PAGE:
• Harry Callahan/Clint Eastwood: Something Special in Films: Another featurette on the character.

Sudden Impact – Special Features:

  • New commentary by filmmaker and Eastwood associate/biographer Richard Schickel
  • The Evolution of Clint Eastwood: Featurette on the film in the context of Eastwood’s career as a director

The Dead Pool – Special Features:

  • New commentary by Dead Pool producer David Valdes and Dead Pool cinematographer Jack N. Green
  • The Craft of Dirty Harry: Featurette on the cinematography, editing, music, and production design of the Dirty Harry films.

The box set also contains:

  • Clint Eastwood: Out Of The Shadows – On a separate DVD this is a fine feature length documentary from 2000 about Eastwood’s career, narrated by Morgan Freeman.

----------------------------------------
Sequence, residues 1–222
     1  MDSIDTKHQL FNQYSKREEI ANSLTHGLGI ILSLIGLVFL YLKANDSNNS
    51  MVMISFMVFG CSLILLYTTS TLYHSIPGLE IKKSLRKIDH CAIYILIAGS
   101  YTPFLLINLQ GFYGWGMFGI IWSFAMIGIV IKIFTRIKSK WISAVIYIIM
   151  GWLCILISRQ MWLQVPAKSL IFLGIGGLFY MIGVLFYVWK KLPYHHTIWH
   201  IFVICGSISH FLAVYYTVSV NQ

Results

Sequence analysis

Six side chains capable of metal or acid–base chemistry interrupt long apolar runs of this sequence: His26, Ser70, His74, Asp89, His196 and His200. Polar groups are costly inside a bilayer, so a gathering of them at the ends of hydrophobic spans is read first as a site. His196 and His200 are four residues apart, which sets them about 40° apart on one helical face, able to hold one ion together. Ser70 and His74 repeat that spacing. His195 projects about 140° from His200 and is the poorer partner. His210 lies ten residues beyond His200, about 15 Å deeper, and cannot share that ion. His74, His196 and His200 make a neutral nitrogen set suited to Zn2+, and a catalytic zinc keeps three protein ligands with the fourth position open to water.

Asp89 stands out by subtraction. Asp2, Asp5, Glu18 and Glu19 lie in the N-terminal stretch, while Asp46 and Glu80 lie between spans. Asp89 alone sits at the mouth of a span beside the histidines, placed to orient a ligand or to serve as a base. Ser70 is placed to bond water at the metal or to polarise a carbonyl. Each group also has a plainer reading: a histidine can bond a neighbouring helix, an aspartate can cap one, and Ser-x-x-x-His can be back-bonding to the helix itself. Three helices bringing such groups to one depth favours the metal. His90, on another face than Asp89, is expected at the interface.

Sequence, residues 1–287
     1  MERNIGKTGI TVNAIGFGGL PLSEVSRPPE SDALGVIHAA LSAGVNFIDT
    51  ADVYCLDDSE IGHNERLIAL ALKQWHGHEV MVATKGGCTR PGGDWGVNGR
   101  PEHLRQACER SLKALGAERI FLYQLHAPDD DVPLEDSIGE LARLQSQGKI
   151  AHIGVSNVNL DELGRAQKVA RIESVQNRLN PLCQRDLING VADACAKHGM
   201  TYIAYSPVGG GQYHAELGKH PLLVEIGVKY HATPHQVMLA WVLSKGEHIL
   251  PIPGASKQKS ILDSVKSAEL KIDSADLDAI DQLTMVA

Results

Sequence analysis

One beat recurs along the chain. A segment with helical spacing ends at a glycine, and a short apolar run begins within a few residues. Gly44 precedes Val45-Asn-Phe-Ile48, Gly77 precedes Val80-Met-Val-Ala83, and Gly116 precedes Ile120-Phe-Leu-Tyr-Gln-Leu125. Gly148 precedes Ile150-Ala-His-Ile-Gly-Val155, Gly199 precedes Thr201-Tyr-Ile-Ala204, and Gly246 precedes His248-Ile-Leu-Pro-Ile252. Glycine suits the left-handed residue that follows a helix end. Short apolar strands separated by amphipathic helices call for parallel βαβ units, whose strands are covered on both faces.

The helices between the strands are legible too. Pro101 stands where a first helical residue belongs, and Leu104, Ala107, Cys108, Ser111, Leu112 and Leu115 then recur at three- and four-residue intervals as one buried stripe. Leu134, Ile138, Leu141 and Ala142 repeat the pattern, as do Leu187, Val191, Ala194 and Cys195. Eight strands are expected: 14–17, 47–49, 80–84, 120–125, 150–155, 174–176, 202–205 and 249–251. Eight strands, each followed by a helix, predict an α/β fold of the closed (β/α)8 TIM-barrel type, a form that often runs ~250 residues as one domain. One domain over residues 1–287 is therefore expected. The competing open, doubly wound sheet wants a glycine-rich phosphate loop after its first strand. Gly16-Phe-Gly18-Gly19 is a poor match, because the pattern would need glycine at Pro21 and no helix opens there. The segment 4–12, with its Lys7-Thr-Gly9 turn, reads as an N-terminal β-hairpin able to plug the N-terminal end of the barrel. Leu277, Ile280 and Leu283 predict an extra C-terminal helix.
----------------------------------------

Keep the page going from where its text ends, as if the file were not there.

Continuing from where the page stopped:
• A 44 page hardcover book on the films.
  • A Dirty Harry wallet with metal badge and removable Inspect. Harry Callahan ID card
  • Five 5″ x 7″ lobby poster reproduction cards and an exclusive Ultimate Collector’s Edition card
  • A Scorpio Map: 19″ x 27″ map of San Francisco detailing Harry’s hunt for the killer in the first film
  • A one-page personal note from Clint
  • Reproductions of telegrams from Warner Bros to Clint (and vice versa) throughout the making of the series.

Overall this is a highly impressive box set, even if the films themselves do decline in quality somewhat.

That said, Warner Bros deserve great credit for the care and attention they have put into this set of films from one of their most consistent and legendary stars.